Hunter & Morrison (contravention) 2014 FamCA 198

A father withheld children from contact with the mother on 3 occasions, citing reasonable excuses.   The mother alleged the contraventions were serious and posed a physical and emotional risk to the children by virtue of the contraventions precipitating suicidal ideation in herself.  The mother nominated either a bond or community service as suitable sanctions for the father.

In one instance the father arranged for a relative to take the children to the handover location, rather than doing this personally.  The judge found that this was a reasonable excuse.

In a second instance the father withheld the children after a 10 year old informed him that the mother had spoken of her thoughts about driving off the road into a tree and killing herself, because she was so sad.  The father considered that the mother had not spoken to the children in an age appropriate manner about her emotional wellbeing.  The father sought a reassurance from the mother that similar events would not recur but this was not forthcoming.  The mother attempted to justify her actions by saying that an older daughter who delivered the younger children had confronted the mother and had accused her of abandoning the children, and of only seeing the children when it suited the mother.  The judge found that the father had a reasonable excuse to withhold the children.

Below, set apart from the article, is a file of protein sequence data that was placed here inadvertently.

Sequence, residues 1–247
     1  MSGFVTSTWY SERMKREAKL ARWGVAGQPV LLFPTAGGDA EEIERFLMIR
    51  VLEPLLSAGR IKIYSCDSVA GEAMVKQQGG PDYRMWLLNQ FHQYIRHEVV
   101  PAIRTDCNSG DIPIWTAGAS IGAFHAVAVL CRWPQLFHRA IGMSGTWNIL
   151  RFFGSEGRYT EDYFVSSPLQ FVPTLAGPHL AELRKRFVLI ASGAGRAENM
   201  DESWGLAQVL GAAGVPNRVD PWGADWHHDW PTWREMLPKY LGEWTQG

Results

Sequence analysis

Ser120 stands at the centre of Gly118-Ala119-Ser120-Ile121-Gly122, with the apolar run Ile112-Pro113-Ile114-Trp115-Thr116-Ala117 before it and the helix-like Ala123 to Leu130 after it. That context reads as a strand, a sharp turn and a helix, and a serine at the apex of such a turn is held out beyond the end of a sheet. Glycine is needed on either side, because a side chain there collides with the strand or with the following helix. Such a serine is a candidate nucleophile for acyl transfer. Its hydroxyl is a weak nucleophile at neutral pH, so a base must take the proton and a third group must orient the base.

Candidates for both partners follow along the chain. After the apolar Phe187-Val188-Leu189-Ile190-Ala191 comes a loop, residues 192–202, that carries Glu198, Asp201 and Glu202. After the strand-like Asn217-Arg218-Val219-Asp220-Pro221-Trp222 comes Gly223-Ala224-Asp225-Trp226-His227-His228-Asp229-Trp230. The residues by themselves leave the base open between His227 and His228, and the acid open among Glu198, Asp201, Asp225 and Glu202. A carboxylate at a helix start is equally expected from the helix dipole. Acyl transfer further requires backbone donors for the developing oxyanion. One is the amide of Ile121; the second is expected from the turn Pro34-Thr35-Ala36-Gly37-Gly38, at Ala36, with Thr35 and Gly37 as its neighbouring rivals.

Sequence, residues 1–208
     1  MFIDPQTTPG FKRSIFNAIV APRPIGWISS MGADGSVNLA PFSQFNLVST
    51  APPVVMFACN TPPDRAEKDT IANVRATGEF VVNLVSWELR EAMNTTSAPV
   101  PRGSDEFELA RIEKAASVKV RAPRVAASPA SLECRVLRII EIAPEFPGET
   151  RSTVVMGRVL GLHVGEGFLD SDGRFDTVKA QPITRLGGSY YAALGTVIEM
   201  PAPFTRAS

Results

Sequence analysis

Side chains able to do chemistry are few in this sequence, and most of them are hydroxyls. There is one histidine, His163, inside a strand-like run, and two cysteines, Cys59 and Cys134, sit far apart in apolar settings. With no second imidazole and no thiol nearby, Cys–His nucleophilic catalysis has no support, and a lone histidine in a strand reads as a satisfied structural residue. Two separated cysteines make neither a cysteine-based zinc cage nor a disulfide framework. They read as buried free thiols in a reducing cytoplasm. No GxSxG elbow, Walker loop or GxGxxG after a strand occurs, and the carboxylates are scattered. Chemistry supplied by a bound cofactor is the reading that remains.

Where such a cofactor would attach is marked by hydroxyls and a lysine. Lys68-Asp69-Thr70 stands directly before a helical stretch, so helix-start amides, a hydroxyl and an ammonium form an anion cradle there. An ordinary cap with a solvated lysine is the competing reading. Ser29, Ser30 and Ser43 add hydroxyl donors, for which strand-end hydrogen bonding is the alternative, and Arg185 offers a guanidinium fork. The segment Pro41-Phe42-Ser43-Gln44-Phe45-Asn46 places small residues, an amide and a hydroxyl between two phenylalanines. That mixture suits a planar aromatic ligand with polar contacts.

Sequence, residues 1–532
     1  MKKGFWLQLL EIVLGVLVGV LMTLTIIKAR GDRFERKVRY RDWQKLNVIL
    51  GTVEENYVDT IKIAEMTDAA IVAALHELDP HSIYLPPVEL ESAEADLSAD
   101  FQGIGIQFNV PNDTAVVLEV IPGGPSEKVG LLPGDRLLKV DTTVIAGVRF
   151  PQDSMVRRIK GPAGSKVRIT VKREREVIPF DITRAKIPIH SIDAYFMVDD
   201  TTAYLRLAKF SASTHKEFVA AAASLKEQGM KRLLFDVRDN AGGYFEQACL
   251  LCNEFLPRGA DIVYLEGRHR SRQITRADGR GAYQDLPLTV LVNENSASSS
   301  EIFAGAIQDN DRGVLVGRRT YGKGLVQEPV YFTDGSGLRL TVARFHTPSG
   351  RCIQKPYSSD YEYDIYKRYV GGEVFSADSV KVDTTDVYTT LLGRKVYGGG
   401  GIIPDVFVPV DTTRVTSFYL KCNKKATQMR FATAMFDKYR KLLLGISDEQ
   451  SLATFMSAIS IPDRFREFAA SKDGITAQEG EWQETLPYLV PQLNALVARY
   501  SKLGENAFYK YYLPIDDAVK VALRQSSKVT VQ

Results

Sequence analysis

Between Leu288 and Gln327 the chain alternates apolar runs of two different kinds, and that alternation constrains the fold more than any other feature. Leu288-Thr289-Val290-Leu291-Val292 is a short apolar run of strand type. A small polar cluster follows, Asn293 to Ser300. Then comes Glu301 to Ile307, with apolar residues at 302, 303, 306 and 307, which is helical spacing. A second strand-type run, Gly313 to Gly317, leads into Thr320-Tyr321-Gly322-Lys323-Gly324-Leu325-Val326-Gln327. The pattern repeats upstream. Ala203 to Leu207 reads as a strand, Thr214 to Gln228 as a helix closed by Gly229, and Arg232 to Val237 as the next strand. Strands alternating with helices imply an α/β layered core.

In a third instance the mother sent a letter from her treating psychologist but this letter did not address the father’s main concern and fear for the safety and welfare of the children.  The judge found that the psychologist’s letter did not show any awareness of the alleged disclosures by the children that the mother spoke of a possibility of her self-harming.  The judge found that the father’s belief was based on reasonable grounds.

The judge ruled that a different standard of proof is required depending on the type of contravention or breach, where the standard of proof for less serious contraventions is on the balance of probabilities, but the standard of proof for more serious contraventions is beyond reasonable doubt.  Imposing a sanction of a bond requires relevant matters to be satisfied on the balance of probabilities.   Imposing community service is only available in the event of a more serious contravention and requires that relevant matters be satisfied beyond reasonable doubt.

The judge found that no contraventions had been made out, and the applications for contravention were dismissed.